British drugmaker GlaxoSmithKline recently agreed to pay $3 billion to settle criminal and civil allegations centering around its promotion of dangerous pharmaceuticals for off-label purposes. Off-label marketing is a common practice among major drugmakers and typically involves the promotion of a drug to treat ailments without adequate studies into whether the drug is safe for this unapproved use.
Authorities allege that GlaxoSmithKline went beyond promoting drugs without adequate clinical safety data and actually fabricated research to promote some of its pharmaceuticals. In the case of the antidepressant drug Paxil, authorities say that GSK helped author and publish a misleading article in a medical journal which indicated that Paxil was effective in pediatric patients. In reality, the drug increases the suicide risk in patients under 24 and has not been shown to be effective in young patients.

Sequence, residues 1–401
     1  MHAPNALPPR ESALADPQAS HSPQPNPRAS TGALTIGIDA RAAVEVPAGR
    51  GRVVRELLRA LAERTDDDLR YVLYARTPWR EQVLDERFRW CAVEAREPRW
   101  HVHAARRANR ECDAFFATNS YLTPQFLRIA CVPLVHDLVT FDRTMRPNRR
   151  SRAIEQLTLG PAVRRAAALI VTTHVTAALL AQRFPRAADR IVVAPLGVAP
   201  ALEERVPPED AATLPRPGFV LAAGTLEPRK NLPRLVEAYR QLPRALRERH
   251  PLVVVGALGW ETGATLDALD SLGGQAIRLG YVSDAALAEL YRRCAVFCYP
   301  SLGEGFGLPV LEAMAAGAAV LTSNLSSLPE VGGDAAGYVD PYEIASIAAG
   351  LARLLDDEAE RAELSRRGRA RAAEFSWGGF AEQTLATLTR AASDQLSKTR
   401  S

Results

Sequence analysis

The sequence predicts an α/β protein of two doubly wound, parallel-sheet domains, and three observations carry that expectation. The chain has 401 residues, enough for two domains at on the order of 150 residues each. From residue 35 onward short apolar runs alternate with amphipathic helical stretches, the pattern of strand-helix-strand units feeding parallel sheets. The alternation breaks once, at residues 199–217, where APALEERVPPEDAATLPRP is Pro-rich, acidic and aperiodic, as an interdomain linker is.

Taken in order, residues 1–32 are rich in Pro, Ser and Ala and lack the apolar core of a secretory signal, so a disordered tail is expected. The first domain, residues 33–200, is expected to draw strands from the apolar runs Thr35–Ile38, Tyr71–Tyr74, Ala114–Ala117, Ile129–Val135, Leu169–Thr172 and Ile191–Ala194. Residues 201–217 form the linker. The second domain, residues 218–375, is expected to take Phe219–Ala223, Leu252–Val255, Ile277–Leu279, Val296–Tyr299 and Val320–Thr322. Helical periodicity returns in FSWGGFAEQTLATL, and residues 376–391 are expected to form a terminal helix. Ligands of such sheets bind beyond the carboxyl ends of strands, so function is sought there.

The drug’s warning label now reads, “Children, teenagers, and young adults who take antidepressants to treat depression or other mental illnesses may be more likely to become suicidal than children, teenagers, and young adults who do not take antidepressants to treat these condition.”
It is unclear whether GSK’s off-label marketing of Paxil lead to any child deaths. Serious side effects of Paxil include abnormal bleeding, seizure, breathing issues, blurred vision and fainting. Some patients also reported hallucinating and chest pain after taking the drug.
Source: The New York Times, “Glaxo Agrees to Pay $3 Billion in Fraud Settlement,” Katie Thomas and Michael S. Schmidt, July 2, 2012